Jack Stilgoe is a senior lecturer in science policy at the department of Science and Technology Studies, University College London.
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5 Responses to Governing intent

  1. Very thought provoking Jack.

    I don’t know whether or not we should govern purposes but they are important. The recent BBSRC/EPSRC Synthetic Biology Dialogue (a definite emerging biotech) found five central questions that emerged for synthetic biology researchers:
    1. What is the purpose?
    2. Why do you want to do it?
    3. What are you going to gain from it?
    4. What else is it going to do?
    5. How do you know you are right?

    As the Dialogue’s report notes, these are questions that are focused on process and the motivations of those doing the science.

    One interpretation of this that, without specific products to focus on, people discussing a new emerging tech wanted to ensure that those doing the work were doing it for the ‘right’ reasons. As you say, “Norms are just as important as rules when the rules are still being written”, and people want to be sure that these norms are in tune with their own views and values.

    (BBSRC, Head of Engagement)

    Details of the dialogue at

  2. Steven Hill says:

    Good points as ever, Jack. I also think there is a tendency to rush for ‘science-based’ regulation as a form of governance without making the space for discussion about societal and ethical issues first. This closes down the debate too quickly and limits all discussion to issues of risk. I certainly think this happened for GM.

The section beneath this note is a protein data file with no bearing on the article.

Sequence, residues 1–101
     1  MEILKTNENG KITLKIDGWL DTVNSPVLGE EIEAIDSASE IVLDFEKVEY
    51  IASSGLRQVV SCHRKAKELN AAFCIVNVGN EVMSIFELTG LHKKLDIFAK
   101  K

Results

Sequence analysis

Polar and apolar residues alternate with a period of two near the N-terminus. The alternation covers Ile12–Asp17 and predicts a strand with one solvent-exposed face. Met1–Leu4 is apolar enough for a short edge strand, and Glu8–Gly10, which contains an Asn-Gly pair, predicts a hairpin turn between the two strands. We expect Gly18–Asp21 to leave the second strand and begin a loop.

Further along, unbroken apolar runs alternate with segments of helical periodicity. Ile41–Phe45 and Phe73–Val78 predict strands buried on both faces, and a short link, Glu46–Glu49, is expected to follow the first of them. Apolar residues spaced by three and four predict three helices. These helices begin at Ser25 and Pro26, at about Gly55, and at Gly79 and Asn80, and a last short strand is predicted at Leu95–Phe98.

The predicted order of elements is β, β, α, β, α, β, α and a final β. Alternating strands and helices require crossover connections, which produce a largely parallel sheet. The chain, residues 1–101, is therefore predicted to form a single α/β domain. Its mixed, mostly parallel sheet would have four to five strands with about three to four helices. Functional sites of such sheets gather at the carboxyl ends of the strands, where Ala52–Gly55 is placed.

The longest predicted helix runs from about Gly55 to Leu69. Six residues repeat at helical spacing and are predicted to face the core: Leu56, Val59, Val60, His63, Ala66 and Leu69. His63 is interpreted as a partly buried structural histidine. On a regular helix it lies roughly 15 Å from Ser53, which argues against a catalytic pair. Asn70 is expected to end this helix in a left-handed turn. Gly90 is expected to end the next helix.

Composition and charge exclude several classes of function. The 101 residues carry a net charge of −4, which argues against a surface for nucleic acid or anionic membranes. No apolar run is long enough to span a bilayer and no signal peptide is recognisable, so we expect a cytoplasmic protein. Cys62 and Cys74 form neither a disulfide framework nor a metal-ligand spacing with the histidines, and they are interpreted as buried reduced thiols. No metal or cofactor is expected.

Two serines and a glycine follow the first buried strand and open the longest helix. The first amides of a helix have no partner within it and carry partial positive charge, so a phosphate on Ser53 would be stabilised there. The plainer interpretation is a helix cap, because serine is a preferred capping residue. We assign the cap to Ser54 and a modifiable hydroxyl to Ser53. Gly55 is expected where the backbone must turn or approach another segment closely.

3. Agree Stephen, though the trouble is, particularly with Nano, the fact that products come first, perhaps 5 years or more ahead of appropriate regulation is in itself a social and ethical issue. Hence the need for something more visible and useful in terms of ‘anticipatory governance’.

    In addition, not sure that it was just the over regulation of GM that allows more damaging crops to be grown without oversight. Just as much techno thrall, lock-in, and the general inability to look at so called solutions in the round, considering the pros and cons of other solutions alongside each other.

    • Jack Stilgoe says:

      Thanks Hilary, Steven and Patrick. Patrick, your point about the synthetic biology dialogue is interesting. This is a genuinely emerging technology, where neither the experts nor the public during those discussions would have felt able to envisage the possible futures Syn Bio might enable. So they are less interested in the destination and more interested in what the road looks like.

      • Jack Stilgoe says:

        I also meant to add that the reason the idea of governing intent is at the front of my mind is the recent conversations that have taken place within the Royal Society’s Solar Radiation Management Governance Initiative. There, most of the participants agree that intentions matter, but disagree about how these might be governed. Some, especially in the US, regard ‘governance’ as regulation, or even prohibition. They need to be constantly reminded that governance is also what science funders do and what scientists do to themselves, through cultures and norms, to steer their actions.